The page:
The opening of Kenneth MacMillan’s Manon depicts an entire society built on avarice, its fineries all of a piece with its miseries. Stockinged aristocrats, cloaked dealers, ragged thieves and beggars: the ballet may be set in 18th-century France but you could easily see that array as a mirror to our own world.
Still, the ballet (like us, often) takes this milieu for granted. Manon, a naive convent girl, is introduced by her brother Lescaut into worldly society, where she falls for the handsome but poor Des Grieux before being lured by furs and jewellery into becoming the trophy mistress of Monsieur GM. Re-encountering Des Grieux in a gambling den, she decides to escape with him – if he can get the money. The mission fails and they are exiled to Louisiana, where Manon is raped by a brutal jailer and dies in the arms of her lover.
Hers is the single female role of depth. The others simply display her options: kept woman, catfighting whore, beggar girl, slave. An epic fail of the Bechdel test, Manon is also searingly powerful when character and choreography come into their own. The reckless, headlong virtuosity of the duets is breathtaking, and the scene in which Manon is lifted up and passed around, one priapic leg aspiring upwards, condenses a multitude of ambivalences into a single tableau.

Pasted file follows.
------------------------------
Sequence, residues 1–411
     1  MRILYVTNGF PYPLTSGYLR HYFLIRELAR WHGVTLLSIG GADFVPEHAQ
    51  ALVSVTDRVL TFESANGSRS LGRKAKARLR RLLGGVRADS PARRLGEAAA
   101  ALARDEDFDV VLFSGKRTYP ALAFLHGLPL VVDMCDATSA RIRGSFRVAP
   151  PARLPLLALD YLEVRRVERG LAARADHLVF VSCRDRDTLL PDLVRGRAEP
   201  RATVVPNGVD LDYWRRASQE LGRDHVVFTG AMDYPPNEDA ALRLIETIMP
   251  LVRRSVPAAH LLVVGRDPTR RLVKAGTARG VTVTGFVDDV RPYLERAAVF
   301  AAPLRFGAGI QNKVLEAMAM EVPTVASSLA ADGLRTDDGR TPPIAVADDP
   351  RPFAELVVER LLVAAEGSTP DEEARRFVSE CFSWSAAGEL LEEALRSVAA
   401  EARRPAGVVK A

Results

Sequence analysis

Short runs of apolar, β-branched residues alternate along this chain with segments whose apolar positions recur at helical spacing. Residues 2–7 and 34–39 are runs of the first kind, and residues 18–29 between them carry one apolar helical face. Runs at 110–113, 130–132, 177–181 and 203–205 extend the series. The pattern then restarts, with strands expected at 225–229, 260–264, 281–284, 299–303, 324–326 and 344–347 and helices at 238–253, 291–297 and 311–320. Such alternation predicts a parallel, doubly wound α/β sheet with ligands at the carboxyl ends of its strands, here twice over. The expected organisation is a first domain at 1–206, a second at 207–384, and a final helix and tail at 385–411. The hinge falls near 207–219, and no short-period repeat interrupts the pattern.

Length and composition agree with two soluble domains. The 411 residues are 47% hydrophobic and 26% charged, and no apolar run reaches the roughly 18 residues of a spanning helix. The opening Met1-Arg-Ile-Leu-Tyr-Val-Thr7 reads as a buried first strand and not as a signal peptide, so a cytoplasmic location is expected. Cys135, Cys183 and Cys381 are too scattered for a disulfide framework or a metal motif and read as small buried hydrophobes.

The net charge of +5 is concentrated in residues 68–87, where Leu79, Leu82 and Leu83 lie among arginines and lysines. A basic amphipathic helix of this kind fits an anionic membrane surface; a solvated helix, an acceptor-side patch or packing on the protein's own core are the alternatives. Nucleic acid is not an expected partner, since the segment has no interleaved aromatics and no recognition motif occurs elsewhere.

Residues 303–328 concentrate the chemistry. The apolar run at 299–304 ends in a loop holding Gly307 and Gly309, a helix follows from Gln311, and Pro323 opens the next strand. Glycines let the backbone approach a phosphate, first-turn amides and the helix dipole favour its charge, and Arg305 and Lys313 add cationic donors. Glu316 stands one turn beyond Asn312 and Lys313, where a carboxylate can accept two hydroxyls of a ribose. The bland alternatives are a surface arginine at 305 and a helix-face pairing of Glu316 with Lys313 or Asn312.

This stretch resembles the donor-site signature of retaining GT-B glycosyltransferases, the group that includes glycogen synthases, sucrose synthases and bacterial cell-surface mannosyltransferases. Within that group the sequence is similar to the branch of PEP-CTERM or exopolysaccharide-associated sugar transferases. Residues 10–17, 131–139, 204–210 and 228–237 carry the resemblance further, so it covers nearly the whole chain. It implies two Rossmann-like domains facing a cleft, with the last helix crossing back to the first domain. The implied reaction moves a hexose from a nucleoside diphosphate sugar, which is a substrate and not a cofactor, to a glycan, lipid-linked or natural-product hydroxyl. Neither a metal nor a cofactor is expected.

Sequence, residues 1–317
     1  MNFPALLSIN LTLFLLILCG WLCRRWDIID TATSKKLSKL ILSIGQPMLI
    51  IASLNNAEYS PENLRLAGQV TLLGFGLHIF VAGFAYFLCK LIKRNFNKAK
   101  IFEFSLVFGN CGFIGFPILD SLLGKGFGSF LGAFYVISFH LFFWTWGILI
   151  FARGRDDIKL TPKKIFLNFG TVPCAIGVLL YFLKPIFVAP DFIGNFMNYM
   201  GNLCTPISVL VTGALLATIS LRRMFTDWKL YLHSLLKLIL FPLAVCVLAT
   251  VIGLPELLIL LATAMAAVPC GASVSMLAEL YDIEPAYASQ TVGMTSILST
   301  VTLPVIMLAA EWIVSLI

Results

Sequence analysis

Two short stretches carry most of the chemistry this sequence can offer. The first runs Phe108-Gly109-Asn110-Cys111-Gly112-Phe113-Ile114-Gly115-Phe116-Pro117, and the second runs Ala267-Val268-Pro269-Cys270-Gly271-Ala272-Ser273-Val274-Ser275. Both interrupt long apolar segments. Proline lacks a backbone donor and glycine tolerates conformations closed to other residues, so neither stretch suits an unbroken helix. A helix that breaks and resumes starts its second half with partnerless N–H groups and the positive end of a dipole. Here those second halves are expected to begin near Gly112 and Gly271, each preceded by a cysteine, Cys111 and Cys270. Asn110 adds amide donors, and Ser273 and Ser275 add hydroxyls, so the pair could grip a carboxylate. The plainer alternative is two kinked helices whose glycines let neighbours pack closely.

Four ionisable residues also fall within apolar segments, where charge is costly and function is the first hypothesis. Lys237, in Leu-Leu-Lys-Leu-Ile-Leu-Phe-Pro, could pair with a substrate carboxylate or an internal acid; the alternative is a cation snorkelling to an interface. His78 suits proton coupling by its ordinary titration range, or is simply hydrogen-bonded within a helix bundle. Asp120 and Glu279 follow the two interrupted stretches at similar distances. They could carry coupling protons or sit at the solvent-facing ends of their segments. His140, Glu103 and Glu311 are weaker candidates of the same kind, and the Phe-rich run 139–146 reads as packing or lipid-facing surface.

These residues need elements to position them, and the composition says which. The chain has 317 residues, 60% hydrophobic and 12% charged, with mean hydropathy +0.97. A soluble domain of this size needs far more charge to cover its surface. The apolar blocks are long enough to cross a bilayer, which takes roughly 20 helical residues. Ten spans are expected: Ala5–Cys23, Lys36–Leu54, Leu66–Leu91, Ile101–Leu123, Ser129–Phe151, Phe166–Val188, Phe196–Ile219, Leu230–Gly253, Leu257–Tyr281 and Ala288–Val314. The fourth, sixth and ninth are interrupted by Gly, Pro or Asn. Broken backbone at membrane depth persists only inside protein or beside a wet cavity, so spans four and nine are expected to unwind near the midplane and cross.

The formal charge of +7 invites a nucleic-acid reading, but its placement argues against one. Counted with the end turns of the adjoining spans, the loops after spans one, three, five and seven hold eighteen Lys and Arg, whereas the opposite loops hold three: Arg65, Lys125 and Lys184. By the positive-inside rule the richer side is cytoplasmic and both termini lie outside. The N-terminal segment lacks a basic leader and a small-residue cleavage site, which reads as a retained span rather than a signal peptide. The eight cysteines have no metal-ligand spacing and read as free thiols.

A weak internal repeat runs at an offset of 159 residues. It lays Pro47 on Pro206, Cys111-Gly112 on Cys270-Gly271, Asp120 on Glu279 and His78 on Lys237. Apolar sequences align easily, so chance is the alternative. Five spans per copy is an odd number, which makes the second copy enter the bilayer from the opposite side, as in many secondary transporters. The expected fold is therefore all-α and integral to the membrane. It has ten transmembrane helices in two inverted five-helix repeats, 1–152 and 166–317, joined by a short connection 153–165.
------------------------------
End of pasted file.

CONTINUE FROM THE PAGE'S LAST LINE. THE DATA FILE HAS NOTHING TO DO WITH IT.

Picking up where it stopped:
Ambivalence, indeed, is the salient feature. As Manon, Alina Cojocaru brilliantly keeps her contradictions in play: innocent v sensualist; realist v fantasist; manipulator v victim. She illuminates the men she partners (Joseph Caley’s Des Grieux comes to life with her), and is well supported by Jeffrey Cirio’s dashing but despicable Lescaut, and Katja Khaniukova as his spirited kept mistress. If the narrative contrives to cast its characters into a colonial heart of darkness, dominated by a sexual sadist (his face painted white, racially indeterminate), the foreign world it portrays pretty much mirrors the one it started from, only with the gloves off.
It is, then, an uneasy mix of vision and blindness. As powerful as it is patchy, simultaneously expressive and evasive, it is brilliantly performed but its values are deeply questionable.